I’m not in control of these things. I’m hoping it is, and I know that they’re negotiating it as we speak. I really hope that it sees the light.
One of Frances Bean Cobain’s goals for the film was to humanize her dad. What is the best example of that in the film?
Pretty much everything that exists outside of the media filter allows us to arrive at a much deeper understanding of who Kurt was. I don’t think he was quite comfortable in a lot of those experiences when he was being filmed for the media. He came alive to me every time we stepped away from that. His voice was different, his mannerisms were different, you could see him smile. I don’t think I ever heard Kurt laugh in public.
The interviews with Cobain’s family members are particularly dark. How did you get them to speak so candidly on camera?
One of the things that I was struggling with was that first 15 minutes of the film, because in many ways, it’s a very different film when his family is telling the story. They’re defining Kurt, and we’re not allowing his voice to be heard because a lot of what they’re talking about happened when he was 2 years old. I love the moment when Kurt emerges, because you remember his stepmom says, “I don’t know how anyone can deal with that sort of rejection,” and it’s like call-and-response. All of a sudden, the drums kick in really aggressively and Kurt’s screaming through a song. You see artwork from his childhood that was Mickey Mouse and Goofy, and now it’s monsters and bats and a horror show. His idea of the American dream had become tainted and polluted, and it was all being expressed with art. You see the anger and the abandonment and the disillusionment; suddenly you’re seeing these burning homes where five years earlier there had been a drawing of a white picket fence.
Suicide figures very prominently in his life and in the film. Why did you decide to end before that final moment?
I thought the story was complete. I didn’t think that there were any questions left. There was enough information for the audience to draw their own conclusions. No one really can ever know why someone decides to end their life, and we’ll never know. Most of what happened is mired in a lot of gossip and innuendo and finger-pointing. For me, the story had come to a logical conclusion.
Was there any talk of donating proceeds to a suicide-prevention center?
I don’t know if there will be proceeds, but I just was talking to the animator who did all of the beautiful renderings of Kurt and the oil paintings in the film, and I told him I wanted to sell off a bunch of the paintings to raise money for suicide prevention. We’re discussing opportunities available to us to try to give something back, whether it’s to musicians or to artists, but I think that would be a fitting testament to Kurt.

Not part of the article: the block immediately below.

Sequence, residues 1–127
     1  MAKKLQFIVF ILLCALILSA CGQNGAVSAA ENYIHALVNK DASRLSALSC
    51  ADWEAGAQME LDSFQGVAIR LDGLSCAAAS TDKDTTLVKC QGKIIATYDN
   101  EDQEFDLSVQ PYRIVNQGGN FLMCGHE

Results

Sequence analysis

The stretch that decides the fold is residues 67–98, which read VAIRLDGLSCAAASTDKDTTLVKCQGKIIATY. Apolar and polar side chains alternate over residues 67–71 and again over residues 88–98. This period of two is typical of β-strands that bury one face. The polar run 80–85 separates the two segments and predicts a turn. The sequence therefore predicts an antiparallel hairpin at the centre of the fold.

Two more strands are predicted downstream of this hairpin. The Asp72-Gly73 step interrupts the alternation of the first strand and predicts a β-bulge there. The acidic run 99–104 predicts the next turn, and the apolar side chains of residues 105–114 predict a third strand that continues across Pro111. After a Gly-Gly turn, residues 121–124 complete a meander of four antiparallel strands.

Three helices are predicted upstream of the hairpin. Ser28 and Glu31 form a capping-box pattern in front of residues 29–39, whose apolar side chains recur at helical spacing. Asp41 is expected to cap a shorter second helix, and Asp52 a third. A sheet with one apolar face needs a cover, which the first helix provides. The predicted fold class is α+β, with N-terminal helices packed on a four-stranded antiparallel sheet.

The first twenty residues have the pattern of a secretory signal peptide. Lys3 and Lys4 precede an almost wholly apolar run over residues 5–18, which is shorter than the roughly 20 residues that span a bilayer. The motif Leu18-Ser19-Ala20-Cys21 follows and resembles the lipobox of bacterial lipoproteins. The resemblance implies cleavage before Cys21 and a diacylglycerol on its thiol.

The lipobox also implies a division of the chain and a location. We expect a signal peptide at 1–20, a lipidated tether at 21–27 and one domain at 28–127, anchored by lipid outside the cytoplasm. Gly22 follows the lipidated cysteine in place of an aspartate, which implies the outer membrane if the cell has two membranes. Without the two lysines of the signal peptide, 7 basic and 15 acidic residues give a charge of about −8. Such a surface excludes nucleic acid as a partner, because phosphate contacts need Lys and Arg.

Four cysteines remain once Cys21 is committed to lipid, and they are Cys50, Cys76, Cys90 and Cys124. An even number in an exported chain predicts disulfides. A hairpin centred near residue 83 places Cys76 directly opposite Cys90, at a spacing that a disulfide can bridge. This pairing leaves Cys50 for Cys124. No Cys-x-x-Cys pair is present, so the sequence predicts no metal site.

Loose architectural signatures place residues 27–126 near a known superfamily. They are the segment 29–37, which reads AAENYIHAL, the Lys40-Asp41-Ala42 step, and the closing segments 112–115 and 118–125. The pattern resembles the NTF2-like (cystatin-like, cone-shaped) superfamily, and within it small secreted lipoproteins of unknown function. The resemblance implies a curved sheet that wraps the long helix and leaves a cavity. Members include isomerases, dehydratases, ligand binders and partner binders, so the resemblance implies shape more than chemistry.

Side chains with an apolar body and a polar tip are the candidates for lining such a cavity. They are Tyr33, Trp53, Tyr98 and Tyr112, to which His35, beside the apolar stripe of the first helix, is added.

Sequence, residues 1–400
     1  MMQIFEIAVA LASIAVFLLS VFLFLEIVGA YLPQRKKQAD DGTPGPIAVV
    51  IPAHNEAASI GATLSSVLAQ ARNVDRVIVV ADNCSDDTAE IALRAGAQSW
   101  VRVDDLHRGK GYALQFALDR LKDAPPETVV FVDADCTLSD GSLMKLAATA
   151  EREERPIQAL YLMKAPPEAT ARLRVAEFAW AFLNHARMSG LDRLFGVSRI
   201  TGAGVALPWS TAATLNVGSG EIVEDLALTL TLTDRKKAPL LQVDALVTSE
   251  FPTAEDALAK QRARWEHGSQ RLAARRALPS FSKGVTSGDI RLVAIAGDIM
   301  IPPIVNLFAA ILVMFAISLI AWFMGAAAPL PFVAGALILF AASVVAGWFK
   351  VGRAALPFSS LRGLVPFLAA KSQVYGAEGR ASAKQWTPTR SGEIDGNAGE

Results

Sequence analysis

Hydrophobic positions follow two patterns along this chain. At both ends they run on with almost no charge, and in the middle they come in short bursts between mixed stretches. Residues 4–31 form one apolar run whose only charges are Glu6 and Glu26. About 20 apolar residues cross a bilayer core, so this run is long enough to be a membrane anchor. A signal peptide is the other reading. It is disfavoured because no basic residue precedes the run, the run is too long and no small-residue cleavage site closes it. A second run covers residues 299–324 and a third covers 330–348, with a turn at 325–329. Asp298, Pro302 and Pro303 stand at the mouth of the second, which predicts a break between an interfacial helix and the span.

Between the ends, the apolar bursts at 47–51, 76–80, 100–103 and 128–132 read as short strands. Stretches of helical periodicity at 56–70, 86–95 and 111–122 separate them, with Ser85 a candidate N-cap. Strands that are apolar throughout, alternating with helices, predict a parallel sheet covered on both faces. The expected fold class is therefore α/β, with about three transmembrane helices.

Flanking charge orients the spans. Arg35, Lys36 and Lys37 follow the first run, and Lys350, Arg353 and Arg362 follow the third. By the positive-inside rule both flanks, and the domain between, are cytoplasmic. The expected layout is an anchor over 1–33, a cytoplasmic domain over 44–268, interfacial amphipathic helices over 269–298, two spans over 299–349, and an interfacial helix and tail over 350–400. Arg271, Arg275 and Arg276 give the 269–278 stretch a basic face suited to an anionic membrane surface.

In your Times interview, you said once the film wrapped, you went into a bathroom and cried for 25 minutes. What happened?
I just got overwhelmed with emotion. It had to do with the fact that from that moment on, I was going to be drifting away from Kurt. That for years, he was the central focus of my work, and I felt like I spent more time with him than anyone outside of my immediate family. I got to know him, I felt, in a way that was much more intimate than I feel like I know most of my friends. I was looking at these primal thoughts that people generally don’t share with one another. I was overwhelmed with grief about not being able to be with him anymore, and that this was it. And then I started thinking about my own children, and the time that I had to spend away from them while making a film about Kurt’s relationship with his child, and it hit hard, it was just overwhelming. Oftentimes I find when you’re making these films, it almost feels like a fuckin’ war, man. It was just a very emotional undertaking.
The premiere at Sundance was met with critical acclaim. Did you expect such a response?
The response really caught me off-guard. I didn’t expect there to be such a rapturous response, I figured the film would’ve been more polarizing. I was prepared for that, and it’s not like one can say that it feels really satisfying because of the circumstances of how it ends.
How would you describe Frances Bean’s creative contribution to the film?
Well, Frances wasn’t involved creatively in the film. She explained to me what she was hoping the film would be, and then I showed her the film when I felt it had arrived at a cut that was worth sharing, and she told me not to touch a frame. But this film doesn’t exist without her. None of these parties would’ve come together to support a Cobain project without her support. What she said to me at our first meeting was, “I’m not a filmmaker, this is your thing. I’m doing my own thing. I’m creating my own art, this is your project. I don’t want to be involved in the day-to-day constructions of the film. I have no interest in that.” She really respected my autonomy. Her support was immense. Her influence was incredible, and if she didn’t want this film to be seen, people would not be seeing this film. Without her, straight-up, this film doesn’t exist.